- Nut bag - for this shortcut recipe, we'll need a nut-milk bag to squeeze the water out from the bean pulp after it's been blended in a high-powered blender. While cotton nut-milk bags are great, I prefer using a nylon nut-milk bag for this recipe since I feel that it drains the water from the beans faster. I recommend using an extra large bag like below if you want to speed up the draining process further!
- Blender - You can use any high-powered blender for this recipe, but if anyone's looking to purchase a reliable, professional-grade blender, I recommend the Vitamix Blender. Mine is 12 years old, and it's still running smoothly!
Step by Step Guide
Shortcut White Bean Paste (Shiro An) Recipe
Remove, wash and rinse the butter beans from the cans
Add the washed beans to a high-speed blender (like Vitamix) with water, then blend high (setting 8) for a full 20-30 seconds
Pour the blended bean mixture (all at once, or in batches) through a finely meshed nut bag. Squeeze as much water out of the blended beans as possible.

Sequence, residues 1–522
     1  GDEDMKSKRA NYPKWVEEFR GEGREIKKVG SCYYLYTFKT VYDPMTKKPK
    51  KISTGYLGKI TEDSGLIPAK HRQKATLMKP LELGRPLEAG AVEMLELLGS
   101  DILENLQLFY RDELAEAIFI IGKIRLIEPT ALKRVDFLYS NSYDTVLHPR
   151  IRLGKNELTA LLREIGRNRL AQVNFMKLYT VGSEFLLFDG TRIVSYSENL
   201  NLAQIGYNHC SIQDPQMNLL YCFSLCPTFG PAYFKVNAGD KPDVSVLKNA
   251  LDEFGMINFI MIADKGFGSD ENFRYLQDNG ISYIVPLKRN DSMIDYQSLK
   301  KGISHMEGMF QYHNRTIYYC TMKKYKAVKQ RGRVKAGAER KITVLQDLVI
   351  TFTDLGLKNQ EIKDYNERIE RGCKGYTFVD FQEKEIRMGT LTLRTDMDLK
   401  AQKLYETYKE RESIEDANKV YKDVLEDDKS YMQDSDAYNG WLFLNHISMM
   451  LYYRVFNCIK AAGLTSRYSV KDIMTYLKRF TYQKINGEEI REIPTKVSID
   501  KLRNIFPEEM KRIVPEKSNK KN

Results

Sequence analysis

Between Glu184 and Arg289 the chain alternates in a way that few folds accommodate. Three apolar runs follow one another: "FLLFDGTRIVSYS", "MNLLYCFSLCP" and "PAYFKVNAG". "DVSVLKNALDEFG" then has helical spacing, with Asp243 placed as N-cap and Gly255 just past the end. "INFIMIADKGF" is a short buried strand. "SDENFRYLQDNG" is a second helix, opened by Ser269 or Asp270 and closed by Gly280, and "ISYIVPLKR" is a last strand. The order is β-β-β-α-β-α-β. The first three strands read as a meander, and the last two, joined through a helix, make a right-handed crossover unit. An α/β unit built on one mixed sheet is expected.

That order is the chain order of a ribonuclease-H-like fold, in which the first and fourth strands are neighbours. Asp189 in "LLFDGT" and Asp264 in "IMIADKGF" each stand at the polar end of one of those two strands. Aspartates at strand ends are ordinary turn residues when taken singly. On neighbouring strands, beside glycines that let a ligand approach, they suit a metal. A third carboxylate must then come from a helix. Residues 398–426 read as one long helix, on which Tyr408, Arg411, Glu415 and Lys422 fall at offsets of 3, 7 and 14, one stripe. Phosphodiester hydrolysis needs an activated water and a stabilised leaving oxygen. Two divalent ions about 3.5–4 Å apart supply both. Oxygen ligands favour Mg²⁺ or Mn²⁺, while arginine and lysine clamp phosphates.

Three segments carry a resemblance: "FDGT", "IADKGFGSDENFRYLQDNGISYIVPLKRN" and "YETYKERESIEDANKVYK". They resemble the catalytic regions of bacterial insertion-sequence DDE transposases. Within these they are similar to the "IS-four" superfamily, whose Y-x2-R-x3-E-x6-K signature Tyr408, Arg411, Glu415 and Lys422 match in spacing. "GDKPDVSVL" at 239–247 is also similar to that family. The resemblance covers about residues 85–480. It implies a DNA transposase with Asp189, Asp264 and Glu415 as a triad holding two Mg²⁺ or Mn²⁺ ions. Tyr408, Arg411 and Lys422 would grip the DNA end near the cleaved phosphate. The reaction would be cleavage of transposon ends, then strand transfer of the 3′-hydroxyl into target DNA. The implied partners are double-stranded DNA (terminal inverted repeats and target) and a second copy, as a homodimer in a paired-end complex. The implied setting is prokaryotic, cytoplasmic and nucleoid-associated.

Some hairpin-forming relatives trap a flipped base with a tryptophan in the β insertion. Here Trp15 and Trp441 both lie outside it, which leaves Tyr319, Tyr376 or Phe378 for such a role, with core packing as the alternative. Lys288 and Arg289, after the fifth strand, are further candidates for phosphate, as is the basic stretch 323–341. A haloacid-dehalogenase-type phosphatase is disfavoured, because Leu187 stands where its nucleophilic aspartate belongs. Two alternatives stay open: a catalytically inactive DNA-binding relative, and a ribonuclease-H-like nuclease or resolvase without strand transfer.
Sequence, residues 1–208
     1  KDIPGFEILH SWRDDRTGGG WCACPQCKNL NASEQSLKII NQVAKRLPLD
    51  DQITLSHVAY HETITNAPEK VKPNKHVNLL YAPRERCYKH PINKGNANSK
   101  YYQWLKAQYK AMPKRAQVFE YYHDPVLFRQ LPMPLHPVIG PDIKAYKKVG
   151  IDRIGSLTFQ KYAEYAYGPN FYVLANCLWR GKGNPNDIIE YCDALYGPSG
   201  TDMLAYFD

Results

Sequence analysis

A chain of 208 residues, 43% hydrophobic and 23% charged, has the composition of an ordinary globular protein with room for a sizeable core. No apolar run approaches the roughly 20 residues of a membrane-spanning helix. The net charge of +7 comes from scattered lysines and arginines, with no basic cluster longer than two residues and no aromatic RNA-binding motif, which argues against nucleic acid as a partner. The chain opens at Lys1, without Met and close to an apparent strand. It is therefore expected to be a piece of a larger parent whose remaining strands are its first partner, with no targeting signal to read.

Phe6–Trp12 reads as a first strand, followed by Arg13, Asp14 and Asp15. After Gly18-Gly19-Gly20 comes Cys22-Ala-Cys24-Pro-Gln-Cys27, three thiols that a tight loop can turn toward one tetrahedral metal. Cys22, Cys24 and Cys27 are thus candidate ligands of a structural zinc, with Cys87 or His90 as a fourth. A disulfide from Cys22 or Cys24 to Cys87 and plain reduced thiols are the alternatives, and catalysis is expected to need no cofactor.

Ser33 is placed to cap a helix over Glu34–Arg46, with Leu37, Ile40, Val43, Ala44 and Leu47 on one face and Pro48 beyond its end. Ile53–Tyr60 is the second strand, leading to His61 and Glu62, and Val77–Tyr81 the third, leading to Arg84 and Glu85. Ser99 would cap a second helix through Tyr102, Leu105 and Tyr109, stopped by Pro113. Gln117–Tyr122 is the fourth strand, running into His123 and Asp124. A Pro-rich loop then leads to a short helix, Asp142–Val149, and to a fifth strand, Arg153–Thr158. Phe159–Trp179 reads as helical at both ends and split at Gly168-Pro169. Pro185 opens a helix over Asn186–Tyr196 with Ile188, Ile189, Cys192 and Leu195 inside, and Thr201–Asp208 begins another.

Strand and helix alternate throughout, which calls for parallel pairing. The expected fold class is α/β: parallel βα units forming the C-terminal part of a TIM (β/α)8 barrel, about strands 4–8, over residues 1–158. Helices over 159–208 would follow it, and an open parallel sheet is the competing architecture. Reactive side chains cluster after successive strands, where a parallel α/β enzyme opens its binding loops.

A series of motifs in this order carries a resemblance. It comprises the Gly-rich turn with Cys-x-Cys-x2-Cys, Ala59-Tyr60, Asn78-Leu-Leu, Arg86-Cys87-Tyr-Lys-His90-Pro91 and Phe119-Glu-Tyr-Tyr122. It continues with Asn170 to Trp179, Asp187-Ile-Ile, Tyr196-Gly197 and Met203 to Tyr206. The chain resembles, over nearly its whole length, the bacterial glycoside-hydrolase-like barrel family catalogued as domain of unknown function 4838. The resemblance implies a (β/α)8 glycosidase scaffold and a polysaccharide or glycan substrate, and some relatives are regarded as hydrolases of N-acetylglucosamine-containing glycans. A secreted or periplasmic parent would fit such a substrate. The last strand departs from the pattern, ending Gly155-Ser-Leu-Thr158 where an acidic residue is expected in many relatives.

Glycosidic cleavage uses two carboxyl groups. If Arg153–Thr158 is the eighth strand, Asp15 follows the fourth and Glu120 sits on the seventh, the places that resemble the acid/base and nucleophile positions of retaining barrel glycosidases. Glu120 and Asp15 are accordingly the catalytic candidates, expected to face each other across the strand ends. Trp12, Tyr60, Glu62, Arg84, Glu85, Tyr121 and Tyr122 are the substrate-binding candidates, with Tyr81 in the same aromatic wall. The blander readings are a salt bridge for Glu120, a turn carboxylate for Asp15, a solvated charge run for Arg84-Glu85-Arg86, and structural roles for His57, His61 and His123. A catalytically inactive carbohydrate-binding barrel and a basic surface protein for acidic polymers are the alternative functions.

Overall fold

The leftover pulp of beans should be somewhat dry and crumbly.
Once all the bean mixture has been squeezed of water, the water can be discarded
Transfer the bean "pulp" to a wide sauté pan or a wok.
Add sugar and cook over medium heat
Let the bean-sugar mixture cook and evaporate somewhat until it becomes a thick paste.
(Optional) add corn syrup at the very end to add light sheen and viscosity to the finished bean paste
For the best texture, let the beans cool completely (preferably in the fridge overnight) before using.
Here's the Red Bean Version (Shortcut Red Bean Paste Recipe)
Shortcut White Bean Paste (Shiro An) Recipe
- 2 16oz cans of butter beans , or white lima beans
- 4 cups water
- ½ to ¾ cup light colored sugar
- 1 Tbsp white corn syrup
- Remove, wash and rinse the butter beans from the cans
- Add the washed beans to a high-speed blender (like Vitaminx) with water, then blend high (setting 8) for a full 20-30 seconds
- Pour the blended bean mixture through a finely meshed nut bag
- Squeeze as much water out of the blended beans as possible. The leftover pulp of beans should be somewhat dry and crumbly.
- Transfer the bean "pulp" to a wide sauté pan or a wok.
- Add sugar and cook over medium heat
- Let the bean-sugar mixture cook and evaporate somewhat until it becomes a thick paste
- (optional) add corn syrup at the very end to add light sheen and viscosity to the finished bean paste
- For the best texture, let the beans cool completely (preferably in the fridge overnight) before using.